Going through transition, reality once again has taken on the elasticity and malleable qualities it had when I was a child. The existence of a higher power and afterlife are back to unknowns instead of a hard no. Maybe some people did have a tenuous mental connection to things unknown and not all were malicious hucksters attempting to bilk the credulous by providing false hope. Perhaps the qualitative evidence of transexualism is more than sufficient to declare it a firm part of objective reality while the quantitative evidence slowly trickled in.

Just as the actions I took after accepting “really for real” as a truism validated it, so do my actions and those of people like me validate the reality of transexualism. Declarations of falsehood on either count change nothing whatsoever. Honestly, it’s nice to have this back.

As a final note of clarity, so none of this is misconstrued, I am in no way making the case that being transgender is a contrived condition, or exists only in the subjective minds of certain people. The intent was to explore the effect that being transgender has on their perception of the world all together; if it sways anyone other than myself to or from a ‘2+2=4’ outlook to a more flexible “sometimes ‘Y’ is a vowel, sometimes not” one. Questioning your sense of what is remains highly recommended.

Unleashed, The Boys of War

FightI was watching my son playing with another boy and it took all of 10 seconds before they were engaged in a battle of some sort. I was immediately concerned, but took a moment to reflect on what I knew about boys having lived among them for so long like Jane Goodall, but hairier. Yeah, I concluded within a few moments, this is pretty damn typical. So what’s with that anyway?

As  a child, even though I gravitated to the bookish types, the nerd herd if you will, there was still a standing social rule that some sort of fighting was expected in nearly every encounter. Even if you were wearing your nice church pants, some light shoving was bound to occur, risk of grass stains a given. I’ll be perfectly honest here. I did participate, but just like President Clinton, I didn’t really enjoy it. Wrestling, boxing, playing war with guns that didn’t shoot anything and the inevitable “I got you!…No you didn’t!” squabbles. Sometimes it was simulated through action figures, sometimes it was snow ball or water balloon fights, and sometimes it was just trying to hit your tennis doubles partner in the back of the head with your serve. Violence always had a role in all play.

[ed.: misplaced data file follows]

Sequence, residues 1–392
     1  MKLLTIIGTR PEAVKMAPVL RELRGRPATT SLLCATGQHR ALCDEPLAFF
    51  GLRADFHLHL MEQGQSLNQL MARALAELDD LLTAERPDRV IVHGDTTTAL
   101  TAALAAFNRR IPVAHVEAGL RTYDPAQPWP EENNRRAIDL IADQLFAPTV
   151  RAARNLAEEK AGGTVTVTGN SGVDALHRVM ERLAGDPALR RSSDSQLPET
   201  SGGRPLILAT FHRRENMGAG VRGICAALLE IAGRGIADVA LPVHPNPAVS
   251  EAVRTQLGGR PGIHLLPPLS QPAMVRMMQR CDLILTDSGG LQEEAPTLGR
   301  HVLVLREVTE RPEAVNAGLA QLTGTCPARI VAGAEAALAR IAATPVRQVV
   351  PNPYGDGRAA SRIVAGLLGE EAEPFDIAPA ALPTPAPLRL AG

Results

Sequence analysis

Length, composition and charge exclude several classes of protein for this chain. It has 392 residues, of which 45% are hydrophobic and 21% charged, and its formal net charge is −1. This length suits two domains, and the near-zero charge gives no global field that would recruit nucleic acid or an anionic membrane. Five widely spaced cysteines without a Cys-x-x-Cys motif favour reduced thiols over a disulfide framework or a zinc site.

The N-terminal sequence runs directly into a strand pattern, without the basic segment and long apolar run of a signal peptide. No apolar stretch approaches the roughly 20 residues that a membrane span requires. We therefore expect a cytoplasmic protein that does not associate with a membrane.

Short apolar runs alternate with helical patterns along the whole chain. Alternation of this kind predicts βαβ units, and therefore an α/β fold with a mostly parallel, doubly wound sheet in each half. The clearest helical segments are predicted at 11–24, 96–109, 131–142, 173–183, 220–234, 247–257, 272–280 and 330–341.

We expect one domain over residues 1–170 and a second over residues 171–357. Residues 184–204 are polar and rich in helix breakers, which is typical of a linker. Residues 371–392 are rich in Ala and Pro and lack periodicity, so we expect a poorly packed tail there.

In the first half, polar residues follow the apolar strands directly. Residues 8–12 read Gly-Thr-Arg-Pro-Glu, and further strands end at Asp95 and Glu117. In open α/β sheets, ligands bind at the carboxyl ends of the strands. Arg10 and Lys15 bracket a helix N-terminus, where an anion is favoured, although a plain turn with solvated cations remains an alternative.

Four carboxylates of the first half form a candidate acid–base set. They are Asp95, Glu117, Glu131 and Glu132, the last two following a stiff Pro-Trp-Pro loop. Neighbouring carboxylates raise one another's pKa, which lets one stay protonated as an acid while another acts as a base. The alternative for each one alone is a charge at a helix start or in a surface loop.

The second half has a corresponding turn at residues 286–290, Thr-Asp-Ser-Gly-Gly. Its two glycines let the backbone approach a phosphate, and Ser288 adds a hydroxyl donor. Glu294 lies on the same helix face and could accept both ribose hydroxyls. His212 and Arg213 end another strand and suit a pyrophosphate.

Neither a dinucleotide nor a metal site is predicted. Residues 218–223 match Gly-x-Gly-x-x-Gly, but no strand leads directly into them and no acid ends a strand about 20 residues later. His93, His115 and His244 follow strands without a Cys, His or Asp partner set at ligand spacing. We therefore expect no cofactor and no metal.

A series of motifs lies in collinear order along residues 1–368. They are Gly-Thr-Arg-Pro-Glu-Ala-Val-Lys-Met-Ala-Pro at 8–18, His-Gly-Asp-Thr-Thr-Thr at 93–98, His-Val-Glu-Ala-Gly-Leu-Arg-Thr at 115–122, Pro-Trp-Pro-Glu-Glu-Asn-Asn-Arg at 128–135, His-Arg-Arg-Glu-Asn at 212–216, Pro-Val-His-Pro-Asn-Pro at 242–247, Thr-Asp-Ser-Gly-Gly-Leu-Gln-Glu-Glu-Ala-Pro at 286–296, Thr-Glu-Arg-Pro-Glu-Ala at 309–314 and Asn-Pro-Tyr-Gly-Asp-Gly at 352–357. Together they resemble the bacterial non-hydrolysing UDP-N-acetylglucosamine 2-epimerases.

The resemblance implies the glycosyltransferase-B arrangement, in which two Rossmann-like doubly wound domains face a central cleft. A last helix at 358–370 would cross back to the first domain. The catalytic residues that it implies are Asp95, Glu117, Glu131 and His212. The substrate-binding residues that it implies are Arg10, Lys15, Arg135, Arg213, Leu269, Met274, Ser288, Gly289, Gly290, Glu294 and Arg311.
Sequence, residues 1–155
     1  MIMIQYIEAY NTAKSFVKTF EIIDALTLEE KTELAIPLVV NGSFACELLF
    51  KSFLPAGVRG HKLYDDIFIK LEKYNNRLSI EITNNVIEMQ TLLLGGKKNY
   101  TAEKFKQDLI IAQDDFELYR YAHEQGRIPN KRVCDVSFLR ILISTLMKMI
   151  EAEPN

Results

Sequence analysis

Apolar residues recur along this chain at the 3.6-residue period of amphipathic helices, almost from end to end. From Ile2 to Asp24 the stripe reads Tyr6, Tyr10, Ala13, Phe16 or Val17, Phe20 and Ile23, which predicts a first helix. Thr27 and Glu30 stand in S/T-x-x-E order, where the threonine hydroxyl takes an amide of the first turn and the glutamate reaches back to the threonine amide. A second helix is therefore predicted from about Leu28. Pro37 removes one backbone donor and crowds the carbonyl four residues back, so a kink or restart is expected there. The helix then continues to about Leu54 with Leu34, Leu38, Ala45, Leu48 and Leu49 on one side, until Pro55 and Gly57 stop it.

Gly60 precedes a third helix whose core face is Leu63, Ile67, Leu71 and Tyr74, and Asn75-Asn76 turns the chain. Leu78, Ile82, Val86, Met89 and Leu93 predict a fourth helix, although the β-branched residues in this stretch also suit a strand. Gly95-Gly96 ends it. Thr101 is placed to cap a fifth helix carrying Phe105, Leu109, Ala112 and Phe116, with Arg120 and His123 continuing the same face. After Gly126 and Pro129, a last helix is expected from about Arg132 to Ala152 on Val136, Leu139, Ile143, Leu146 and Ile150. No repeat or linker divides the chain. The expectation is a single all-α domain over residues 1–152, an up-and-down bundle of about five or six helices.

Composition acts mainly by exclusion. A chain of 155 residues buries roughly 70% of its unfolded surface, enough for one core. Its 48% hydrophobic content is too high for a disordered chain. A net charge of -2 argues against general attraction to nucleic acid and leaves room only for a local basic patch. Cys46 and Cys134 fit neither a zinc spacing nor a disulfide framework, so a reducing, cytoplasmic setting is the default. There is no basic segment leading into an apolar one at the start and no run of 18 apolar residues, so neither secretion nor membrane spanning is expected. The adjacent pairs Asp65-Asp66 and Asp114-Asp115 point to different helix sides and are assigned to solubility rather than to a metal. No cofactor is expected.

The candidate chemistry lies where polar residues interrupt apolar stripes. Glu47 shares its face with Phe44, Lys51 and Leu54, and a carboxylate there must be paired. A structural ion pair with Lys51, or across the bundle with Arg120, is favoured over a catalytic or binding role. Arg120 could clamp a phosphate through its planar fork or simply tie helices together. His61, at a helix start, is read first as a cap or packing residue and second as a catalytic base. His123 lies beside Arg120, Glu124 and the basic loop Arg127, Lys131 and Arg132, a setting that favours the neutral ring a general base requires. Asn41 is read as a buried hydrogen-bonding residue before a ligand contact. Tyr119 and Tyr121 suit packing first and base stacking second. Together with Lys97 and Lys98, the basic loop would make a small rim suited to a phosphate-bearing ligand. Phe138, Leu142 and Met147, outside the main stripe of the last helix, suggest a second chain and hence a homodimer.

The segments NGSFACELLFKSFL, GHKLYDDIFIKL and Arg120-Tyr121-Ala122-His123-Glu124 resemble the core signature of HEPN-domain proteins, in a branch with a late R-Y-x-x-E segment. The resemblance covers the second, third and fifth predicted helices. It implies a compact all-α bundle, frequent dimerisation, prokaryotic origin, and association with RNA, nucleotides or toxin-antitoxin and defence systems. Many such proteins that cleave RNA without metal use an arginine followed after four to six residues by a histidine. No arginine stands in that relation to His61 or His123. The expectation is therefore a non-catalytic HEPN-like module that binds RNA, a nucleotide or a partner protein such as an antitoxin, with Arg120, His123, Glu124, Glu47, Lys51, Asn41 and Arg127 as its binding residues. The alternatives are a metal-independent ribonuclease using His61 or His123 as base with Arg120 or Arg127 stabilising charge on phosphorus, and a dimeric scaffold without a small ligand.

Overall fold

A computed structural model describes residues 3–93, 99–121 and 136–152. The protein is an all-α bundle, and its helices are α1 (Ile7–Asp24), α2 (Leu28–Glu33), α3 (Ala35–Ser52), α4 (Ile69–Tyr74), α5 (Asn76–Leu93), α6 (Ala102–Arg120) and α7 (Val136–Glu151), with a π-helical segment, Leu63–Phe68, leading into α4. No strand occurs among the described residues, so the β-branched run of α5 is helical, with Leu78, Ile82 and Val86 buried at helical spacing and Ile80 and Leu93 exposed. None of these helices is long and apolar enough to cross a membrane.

When something is that ubiquitous, it gets pretty hard to avoid. This is especially true in the somewhat gender segregated 70’s and 80’s when scheduling play with someone of the opposite gender was just considered weird and looked down upon. In the rare times I did get to play with the girls, usually via my sister or cousin, it was a much nicer time and the games seemed more complex, interesting, and entirely bereft of the salty dogs of war. Most of the time I was stuck with the boys and said dogs were in abundance. I did everything I could to avoid anger based physical confrontation, but simply standing at the bus stop or playing a game of Monopoly somehow erupted into a battle royale. Once in high school I had the opportunity to introduce my two best friends to each other at an art show I was in. After they wrestled it out on the hot asphalt in the parking lot they became closer to each other than either was to me. I hate to think about what life would have been like if I hung with the popular crowd.

Although I lacked understanding of this particular gender specific more, I managed to fake it just well enough to avoid being targeted for yet more. I made it through my year on the basketball team without incurring one foul, but only one basket as well. I joined the Scouts, and strategically spent my time with my dad looking at tress and shit while the rest of them played something called ‘Commando’, crashing through the woods and whooping war cries. When it came time to man up and join the military, I picked the Air Force, electronics backshop, arguably the least likely segment of the military to see combat. Rumor had it if they ever passed out M-16s to our shop, they would come loaded with only one bullet because the outlook was that grim. I attributed this to the DoD wanting to save the State Department huge headaches in negotiating the repatriation of decidedly replaceable personnel.